Attenuated Central Nervous System Infection in Advanced HIV/AIDS With Combination Antiretroviral Therapy

Gertrude H. Sergievsky Center, Columbia University, New York, New York, United States
JAMA Neurology (Impact Factor: 7.42). 12/2004; 61(11):1687-96. DOI: 10.1001/archneur.61.11.1687
Source: PubMed


Before the introduction of combination antiretroviral therapy (CART), neurological disease correlated with cerebrospinal fluid (CSF) levels of human immunodeficiency virus (HIV) RNA.
To investigate the relationships among HIV RNA levels, immune activation markers, and neurological status in patients receiving CART.
Multicenter cohort study.
Academic neurology departments.
A total of 371 patients unselected for neurological complaints and with CD4 cell counts less than 200/microL or with cognitive symptoms and CD4 cell counts less than 300/microL were enrolled into the Northeastern AIDS Dementia cohort in 1998-2002. Diagnoses of HIV-associated dementia (HIV-D) and minor cognitive-motor disorder (MCMD) were obtained with a computerized algorithm. Plasma and CSF levels of HIV RNA, monocyte chemotactic protein 1, macrophage colony-stimulating factor, and tumor necrosis factor alpha were quantified.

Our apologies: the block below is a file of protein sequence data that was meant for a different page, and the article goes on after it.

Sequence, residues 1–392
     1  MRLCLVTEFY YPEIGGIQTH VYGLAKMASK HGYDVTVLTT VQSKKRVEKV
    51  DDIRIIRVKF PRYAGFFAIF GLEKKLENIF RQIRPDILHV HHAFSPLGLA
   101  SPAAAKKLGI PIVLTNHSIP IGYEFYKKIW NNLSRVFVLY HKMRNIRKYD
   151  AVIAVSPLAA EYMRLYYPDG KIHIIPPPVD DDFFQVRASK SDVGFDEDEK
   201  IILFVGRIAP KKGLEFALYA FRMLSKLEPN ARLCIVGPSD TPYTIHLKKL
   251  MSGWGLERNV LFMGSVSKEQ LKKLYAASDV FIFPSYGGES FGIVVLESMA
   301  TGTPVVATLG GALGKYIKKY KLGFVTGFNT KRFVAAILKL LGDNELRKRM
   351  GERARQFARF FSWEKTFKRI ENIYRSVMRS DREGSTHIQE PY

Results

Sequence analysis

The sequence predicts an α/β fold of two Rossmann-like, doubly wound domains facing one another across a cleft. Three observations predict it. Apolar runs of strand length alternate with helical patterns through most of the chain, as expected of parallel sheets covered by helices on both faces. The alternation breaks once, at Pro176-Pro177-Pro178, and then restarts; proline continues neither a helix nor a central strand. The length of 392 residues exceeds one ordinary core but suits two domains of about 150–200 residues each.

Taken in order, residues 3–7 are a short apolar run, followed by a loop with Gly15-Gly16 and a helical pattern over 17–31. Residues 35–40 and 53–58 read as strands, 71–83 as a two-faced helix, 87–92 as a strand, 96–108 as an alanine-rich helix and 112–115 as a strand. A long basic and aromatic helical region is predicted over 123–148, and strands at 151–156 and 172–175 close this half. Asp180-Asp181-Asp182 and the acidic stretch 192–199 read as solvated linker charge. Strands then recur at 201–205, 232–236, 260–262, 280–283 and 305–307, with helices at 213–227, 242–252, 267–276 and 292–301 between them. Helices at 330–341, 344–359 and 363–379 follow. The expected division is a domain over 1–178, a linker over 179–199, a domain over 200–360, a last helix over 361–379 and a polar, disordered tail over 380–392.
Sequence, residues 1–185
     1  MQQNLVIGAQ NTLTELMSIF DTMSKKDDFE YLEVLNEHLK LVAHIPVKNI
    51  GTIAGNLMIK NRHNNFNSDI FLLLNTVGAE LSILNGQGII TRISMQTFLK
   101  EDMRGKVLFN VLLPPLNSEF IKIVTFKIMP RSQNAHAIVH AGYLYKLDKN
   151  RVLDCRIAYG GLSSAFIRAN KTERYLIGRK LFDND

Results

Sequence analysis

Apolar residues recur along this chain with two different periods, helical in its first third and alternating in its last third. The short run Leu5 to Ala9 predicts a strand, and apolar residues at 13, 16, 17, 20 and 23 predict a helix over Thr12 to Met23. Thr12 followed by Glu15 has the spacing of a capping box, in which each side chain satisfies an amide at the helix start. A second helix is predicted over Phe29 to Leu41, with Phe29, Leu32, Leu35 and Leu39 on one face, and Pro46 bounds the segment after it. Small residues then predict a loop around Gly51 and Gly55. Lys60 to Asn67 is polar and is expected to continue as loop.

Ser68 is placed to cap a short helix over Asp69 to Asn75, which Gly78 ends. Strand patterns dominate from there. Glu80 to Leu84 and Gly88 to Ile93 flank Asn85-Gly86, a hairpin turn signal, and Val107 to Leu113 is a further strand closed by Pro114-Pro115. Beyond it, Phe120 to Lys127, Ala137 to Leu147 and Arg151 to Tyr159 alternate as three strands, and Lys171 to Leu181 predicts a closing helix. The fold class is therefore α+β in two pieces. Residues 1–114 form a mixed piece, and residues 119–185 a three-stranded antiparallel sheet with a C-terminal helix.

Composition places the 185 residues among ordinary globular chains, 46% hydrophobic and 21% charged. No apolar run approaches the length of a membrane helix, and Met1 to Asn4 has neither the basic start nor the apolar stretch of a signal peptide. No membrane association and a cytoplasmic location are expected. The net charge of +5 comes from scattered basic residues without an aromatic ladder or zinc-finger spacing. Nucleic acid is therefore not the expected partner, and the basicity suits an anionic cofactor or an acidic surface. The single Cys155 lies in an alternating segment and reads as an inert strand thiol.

The mean +/- SD age was 41.5 +/- 7.2 years, and the mean +/- SD educational level was 12.3 +/- 2.2 years. Seventy percent of the cohort was black, and 30% were women. The mean +/- SD CD4 cell count was 136.8 +/- 87.9/microL, and CART was used in 71%. Twenty-nine percent of the patients were unimpaired (n = 106), 36% had MCMD (n = 133), and 35% had HIV-D (n = 128). Mean log(10) CSF HIV RNA copies per milliliter was 2.6 +/- 0.8, with no differences among the neurological groups, even after adjustments for baseline CD4 cell counts and antiretroviral therapy. Cerebrospinal fluid HIV RNA was undetectable in 47% of unimpaired, 46% of MCMD, and 43% of HIV-D patients (P = .91). Plasma levels of monocyte chemotactic protein type 1 and tumor necrosis factor alpha correlated weakly with HIV RNA levels but did not distinguish those with neurological deficits.